Civil War - U.S.

On to Richmond: The Civil War in the East, 1861-1862

By James R. Arnold and Roberta Wiener

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Discover the political, economic, and cultural implications of the war through the voices of Abraham Lincoln, Jefferson Davis, former slaves, impassioned abolitionists, soldiers, and other participants in this fascinating series. Supports the national curriculum standards Time, Continuity, and Change; Individual Development and Identity; Individuals, Groups, and Institutions; Power, Authority, and Governance; and Civic Ideals and Practices as outlined by the National Council for the Social Studies.
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Civil War Weather in Virginia

By Robert Krick

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Serious Civil War historians should find Robert Krick's book to be a very useful reference as weather is always a factor in battle. The former park service historian has compiled official information along with anecdotal references taken from soldiers' books, diaries, and letters as well as newspapers. Includes sunrise and sunset data from a period almanac.

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Civil War Weather in Virginia

Serious Civil War historians should find Robert Krick's book to be a very useful reference as weather is always a factor in battle. The former park service historian has compiled official information along with anecdotal references taken from soldiers' books, diaries, and letters as well as newspapers. Includes sunrise and sunset data from a period almanac.

In the Footsteps of Grant and Lee: The Wilderness through Cold Harbor

By Gordon C. Rhea, photographs by Chris E. Heisey

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 In the Footsteps of Grant and Lee combines engaging text and striking photos to tell the story of those battles that became known as the Overland Campaign--the Wilderness, Spotsylvania Court House, the North Anna River, Totopotomoy Creek, Bethesda Church, and Cold Harbor.

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Marlborough Point: In the Stream of History

Follow Marlborough Point Road down to the eastern tip of Stafford County, and you will pass by lots of new housing mushrooming into the forests and fields that were once favored by both the Native Americans and colonial settlers.  This section of the county is home to not just centuries of local history but millennia.

Cadets at War: The True Story of Teenage Heroism at the Battle of New Market

By Susan Provost Beller

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On May 15, 1864, teenage students at the Virginia Military Institute left their desks and dormitories to join the field at the Battle of New Market alongside seasoned Confederate forces. Their cadet corps suffered a casualty rate of 24% while helping to successfully drive back a numerically superior Union force.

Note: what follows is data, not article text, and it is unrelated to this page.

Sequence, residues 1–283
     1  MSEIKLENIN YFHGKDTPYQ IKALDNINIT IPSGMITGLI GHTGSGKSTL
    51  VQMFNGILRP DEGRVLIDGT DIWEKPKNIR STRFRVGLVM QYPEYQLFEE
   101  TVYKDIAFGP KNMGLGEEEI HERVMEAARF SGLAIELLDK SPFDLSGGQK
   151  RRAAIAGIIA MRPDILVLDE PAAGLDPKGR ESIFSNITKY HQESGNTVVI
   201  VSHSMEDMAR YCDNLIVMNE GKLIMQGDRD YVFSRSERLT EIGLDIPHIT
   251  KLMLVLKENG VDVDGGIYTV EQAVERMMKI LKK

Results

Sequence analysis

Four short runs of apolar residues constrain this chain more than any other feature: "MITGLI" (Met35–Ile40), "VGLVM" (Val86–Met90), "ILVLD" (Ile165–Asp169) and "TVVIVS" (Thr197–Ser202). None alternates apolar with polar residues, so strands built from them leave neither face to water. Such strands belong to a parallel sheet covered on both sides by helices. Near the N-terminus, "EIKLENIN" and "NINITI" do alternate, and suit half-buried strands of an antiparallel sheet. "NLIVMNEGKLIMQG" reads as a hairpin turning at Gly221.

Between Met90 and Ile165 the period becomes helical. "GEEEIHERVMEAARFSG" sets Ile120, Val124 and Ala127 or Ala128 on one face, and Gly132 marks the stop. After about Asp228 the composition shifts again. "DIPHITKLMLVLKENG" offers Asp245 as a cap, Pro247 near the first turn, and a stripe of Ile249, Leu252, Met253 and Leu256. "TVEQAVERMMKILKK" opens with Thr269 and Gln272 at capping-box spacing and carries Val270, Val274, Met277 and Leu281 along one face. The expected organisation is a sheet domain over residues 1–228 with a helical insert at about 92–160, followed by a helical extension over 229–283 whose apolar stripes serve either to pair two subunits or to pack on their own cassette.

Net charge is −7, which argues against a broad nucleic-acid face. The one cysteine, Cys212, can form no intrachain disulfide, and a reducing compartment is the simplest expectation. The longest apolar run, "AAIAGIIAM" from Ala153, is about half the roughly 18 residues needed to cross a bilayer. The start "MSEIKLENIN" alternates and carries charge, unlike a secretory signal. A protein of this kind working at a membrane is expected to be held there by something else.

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Mosby and his Rangers: Adventures of the Gray Ghost

By Susan Provost Beller

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Describes how Colonel John Mosby and his partisan soldiers conducted successful guerrilla warfare on Northern troops during the Civil War.

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Jeb Stuart: Confederate Cavalry General

By Lynda Pflueger

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Traces the life of the famous Confederate general from his childhood in Virginia through his West Point education and brilliant military career to his death following the Battle of Yellow Tavern.

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Sinners, Saints, and Soldiers in Civil War Stafford

Stafford County was the southernmost part of the Union occupation of Virginia for much of the Civil War and as such it drew all sorts of characters to its farmlands and creeksides. General Daniel Sickles--described by his contemporaries and historians as a scoundrel, murderer, rapscallion, rogue, and adulterer--took charge of the 2nd Brigade of Hooker's Division, Army of the Potomac. He enjoyed scouting the enemy by hot air balloon and held extravagant parties for his officers while in Stafford.

The Ghosts of Virginia, Volume IV

By L. B. Taylor, Jr.

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Ghost tales and folklore from Northern Virginia, the Shenandoah Valley, Richmond and Central Virginia, Roanoke and Central Virginia, Southside Virginia, Tidewater Virginia, Fredericksburg and the Northern Neck. Part of a popular series by the same author.
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